What do you see as the key differences between British and American folk-rock from the time, as they were manifested in recordings especially?
Obviously, a lot of the differences can be seen in the evolution from Unhalfbricking to Liege and Lief , where Fairport decided to stop being an American-type folk-rock band, and become an English?type folk-rock band. And I think everything that happened in so-called folk-rock in Britain after Liege and Lief, and after the Pentangle, that was really in a way the beginning of something. Whereas in America, it began a good deal earlier, in a way influenced by Britain again, but by a different group of Britons, a different scene of British groups playing American music, like the Spencer Davis Quartet doing Leadbelly songs. That influenced, in turn, groups like Lovin' Spoonful and things like that.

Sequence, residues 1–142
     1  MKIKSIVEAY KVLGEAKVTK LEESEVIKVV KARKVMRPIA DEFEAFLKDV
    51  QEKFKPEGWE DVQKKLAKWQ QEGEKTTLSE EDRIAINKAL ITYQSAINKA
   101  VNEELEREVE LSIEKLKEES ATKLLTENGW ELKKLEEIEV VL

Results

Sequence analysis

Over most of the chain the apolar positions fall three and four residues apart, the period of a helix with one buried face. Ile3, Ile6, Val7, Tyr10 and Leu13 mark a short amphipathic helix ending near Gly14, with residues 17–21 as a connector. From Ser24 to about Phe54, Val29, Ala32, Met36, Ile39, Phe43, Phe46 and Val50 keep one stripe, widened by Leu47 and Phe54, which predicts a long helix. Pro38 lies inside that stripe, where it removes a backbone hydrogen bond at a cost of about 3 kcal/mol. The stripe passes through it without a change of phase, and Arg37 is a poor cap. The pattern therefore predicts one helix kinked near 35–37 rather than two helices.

But I think that there is a...in a way, English folk-rock is a kind of a construct, because it was something that was kind of pasted on. I mean, there was an element of it. I mean, I think if you look into Scottish dance music or Archie Stewart or somebody like that who had an accordion and had a bass and a drum, there had been traditions of dancing, doing reels and jigs with electric instruments and drum kit accompaniment. But it wasn't really part of the music of Britain, to have that kind of instrumentation. Whereas in America, you had a natural evolution from Chicago rhythm and blues, that was country blues evolved into urban blues evolved into rhythm and blues with electric guitar and drum kit, and in country music you also had the use of drums. Hank Williams records kind of defined a certain way of playing music that was very American. And so it wasn't...there was an evolutionary tradition for this to become a branch of.